A Cloudy Forecast For 2012
The word clouds tell the story — and illustrate the challenges ahead for both sides.
“TRYING,” says the cloud illustrating swing voters’ assessment of President Obama. And then, ominously: “liberal” and “ineffective.”
“STUBBORN,” says the cloud illustrating these voters’ view of congressional Republicans. Followed by “conservative,” “selfish,” “greedy” and — the one unabashedly positive phrase among the top 10 — “trying.”
The images are generated from a fascinating new poll by the centrist Democratic group Third Way. The clouds depict the assessment of what the poll terms “persuadable switchers” — voters in a dozen battleground states who backed Obama in 2008, voted for Republicans in 2010 and describe themselves as up for grabs in 2012.
The Third Way poll, conducted by Stefan Hankin of Lincoln Park Strategies, examined two groups: the “switchers” and the “droppers,” who voted for Obama in 2008 and stayed home in 2010. The “droppers,” it found, are not the president’s problem. Nearly three-fourths say they will definitely or probably vote to reelect Obama.
The switchers represent a bigger headache. Less than a third said they would definitely or probably vote again for the president. A full quarter said they are irretrievably gone.
In all, six in 10 switchers are persuadable, prompting the question: What would it take to do the trick?
It won’t be easy. As the word cloud depicts, these voters continue to like Obama. They think he’s smart and sincere. They give him credit for trying. But the next two words encapsulate their twin doubts: that he is too liberal for their tastes and not effective enough for the country’s needs.
The first word may be easier to knock down than the second. These persuadable switchers describe themselves as significantly more conservative than Obama and his party. Strangely, they see Obama as slightly more liberal than his congressional counterparts. Even stranger, given that they voted for Obama, they see themselves as closer on the ideological spectrum to congressional Republicans than to the president.
The key for Obama may be to convince these voters that he is serious about deficit reduction. They care about the issue — more, as they perceive it, than do the president or congressional Republicans. Yet their preferred approach dovetails nicely with Obama’s. More than two-thirds would be willing to accept tax increases as part of a deficit-reduction plan.
The harder task for Obama will be to dispel the aura of ineffectiveness. This presents a twofold challenge: first, to show he can get something done in the face of a Republican-controlled House that isn’t inclined to hand him any such victory; and second, to demonstrate his effectiveness in the relatively short time remaining. If the ultimate measure is the economy — and more than half the persuadable switchers put it at the top of their list — that will be extraordinarily difficult. Even if Congress were to magically pass Obama’s plan swiftly and in full, the jobs turnaround is apt to be slow and far from assured.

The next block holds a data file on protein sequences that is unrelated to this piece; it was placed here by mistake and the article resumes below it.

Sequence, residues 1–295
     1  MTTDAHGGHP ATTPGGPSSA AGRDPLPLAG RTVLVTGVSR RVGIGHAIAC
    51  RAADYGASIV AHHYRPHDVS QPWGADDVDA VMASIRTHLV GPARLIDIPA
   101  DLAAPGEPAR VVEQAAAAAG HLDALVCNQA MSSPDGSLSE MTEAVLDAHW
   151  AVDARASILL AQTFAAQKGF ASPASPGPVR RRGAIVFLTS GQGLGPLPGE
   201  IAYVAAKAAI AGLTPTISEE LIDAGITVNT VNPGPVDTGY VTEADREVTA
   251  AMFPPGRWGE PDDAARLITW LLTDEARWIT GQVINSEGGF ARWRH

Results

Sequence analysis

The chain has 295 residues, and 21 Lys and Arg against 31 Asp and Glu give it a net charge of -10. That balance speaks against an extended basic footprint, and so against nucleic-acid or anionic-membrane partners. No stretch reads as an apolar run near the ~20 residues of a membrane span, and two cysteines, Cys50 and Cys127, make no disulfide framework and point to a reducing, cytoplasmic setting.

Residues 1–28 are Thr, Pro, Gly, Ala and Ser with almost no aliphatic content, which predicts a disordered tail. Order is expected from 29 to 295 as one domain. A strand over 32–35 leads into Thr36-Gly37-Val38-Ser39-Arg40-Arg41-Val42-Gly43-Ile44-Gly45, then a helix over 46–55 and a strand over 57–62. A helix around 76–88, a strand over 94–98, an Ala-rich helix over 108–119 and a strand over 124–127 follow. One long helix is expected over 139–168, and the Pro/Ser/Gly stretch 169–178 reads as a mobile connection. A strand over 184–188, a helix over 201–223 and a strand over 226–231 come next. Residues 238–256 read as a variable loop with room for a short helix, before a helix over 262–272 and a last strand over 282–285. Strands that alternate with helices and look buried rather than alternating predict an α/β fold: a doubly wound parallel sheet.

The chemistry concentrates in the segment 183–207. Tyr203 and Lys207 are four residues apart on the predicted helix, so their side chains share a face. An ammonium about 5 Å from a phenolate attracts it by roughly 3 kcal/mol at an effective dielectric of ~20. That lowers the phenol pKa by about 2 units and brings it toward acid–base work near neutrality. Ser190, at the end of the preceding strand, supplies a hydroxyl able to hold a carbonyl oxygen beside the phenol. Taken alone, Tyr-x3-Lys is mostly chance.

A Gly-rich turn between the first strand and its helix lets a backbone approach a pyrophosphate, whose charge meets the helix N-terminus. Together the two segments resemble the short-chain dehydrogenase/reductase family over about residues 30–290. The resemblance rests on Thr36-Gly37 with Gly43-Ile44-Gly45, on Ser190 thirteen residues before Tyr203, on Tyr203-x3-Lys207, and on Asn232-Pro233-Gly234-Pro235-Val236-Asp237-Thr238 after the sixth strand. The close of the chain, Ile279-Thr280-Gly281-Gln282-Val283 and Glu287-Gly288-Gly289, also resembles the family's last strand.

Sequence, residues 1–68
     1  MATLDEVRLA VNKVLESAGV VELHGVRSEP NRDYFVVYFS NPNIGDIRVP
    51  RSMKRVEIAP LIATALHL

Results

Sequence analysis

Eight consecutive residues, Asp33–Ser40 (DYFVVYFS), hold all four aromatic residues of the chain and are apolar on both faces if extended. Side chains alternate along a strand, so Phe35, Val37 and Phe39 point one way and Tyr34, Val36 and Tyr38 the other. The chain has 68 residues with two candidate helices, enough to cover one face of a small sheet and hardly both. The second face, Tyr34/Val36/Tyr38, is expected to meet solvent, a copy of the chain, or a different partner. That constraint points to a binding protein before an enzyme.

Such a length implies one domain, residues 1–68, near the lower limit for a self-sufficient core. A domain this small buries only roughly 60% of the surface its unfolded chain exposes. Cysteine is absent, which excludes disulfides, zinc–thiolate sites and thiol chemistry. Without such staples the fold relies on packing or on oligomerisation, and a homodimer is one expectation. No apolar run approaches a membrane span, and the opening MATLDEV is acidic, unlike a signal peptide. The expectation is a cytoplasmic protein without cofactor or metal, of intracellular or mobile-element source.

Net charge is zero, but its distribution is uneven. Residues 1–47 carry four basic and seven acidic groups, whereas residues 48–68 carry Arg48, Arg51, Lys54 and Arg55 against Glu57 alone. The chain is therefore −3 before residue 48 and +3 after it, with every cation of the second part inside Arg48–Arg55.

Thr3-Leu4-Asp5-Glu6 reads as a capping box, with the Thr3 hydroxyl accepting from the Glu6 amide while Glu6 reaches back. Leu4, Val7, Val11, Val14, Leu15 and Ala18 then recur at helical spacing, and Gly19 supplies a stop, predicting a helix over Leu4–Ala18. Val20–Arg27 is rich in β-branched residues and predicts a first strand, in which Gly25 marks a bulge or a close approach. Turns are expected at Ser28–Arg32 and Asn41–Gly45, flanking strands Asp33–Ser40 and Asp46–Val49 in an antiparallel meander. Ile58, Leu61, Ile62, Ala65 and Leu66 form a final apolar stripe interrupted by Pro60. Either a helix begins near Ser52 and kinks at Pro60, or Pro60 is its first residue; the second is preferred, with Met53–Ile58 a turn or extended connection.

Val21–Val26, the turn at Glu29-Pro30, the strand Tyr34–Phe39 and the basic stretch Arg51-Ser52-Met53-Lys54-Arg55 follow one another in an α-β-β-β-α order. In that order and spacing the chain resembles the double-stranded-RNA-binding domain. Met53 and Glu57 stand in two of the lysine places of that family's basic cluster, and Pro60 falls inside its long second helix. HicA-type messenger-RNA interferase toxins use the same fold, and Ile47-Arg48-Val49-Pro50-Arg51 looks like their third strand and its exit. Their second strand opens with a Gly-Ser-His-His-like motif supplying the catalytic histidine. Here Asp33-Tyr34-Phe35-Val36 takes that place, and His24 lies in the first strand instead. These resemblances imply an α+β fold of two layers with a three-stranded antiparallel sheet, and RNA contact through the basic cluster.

Of course, Republicans aren’t about to be so compliant, but their word cloud helps explain the GOP’s new tone of seeming conciliation. When swing voters who backed you in 2010 come up with words such as “selfish,” “greedy” and “irresponsible” less than a year later, you’ve got a serious problem with the brand.
The political trick for Republicans is to puff up Obama’s “ineffective liberal” portrait while diminishing their image as the intransigent party. Their smartest move would be to quickly co-opt a piece of Obama’s jobs plan — tax cuts and a slice of trade deals, anyone? This jujitsu would dissipate the stubbornness rap without letting the president crow that Republicans acceded to his demand to “pass this bill.” Let Obama look like Mr. All-or-Nothing.
Yet much as he might prefer to, Obama won’t be running against congressional Republicans. This is why Mitt Romney’s approach to Obama — casting him as a nice guy in over his head — could be so potent. Where Texas Gov. Rick Perry can be cutting about Obama, Romney takes more of the “poor schnook” stance. He’s not telling swing voters they were wrong to give Obama a shot — just that the president tried and failed.
“If you think the country needs a turnaround, that’s what I do,” Romney said at the Tea Party debate.
Romney still has some explaining to do about why his private-sector turnarounds so often involved cutting jobs, not creating them. But he is emerging as a formidable candidate against an incumbent for whom trying, however hard, may not be enough.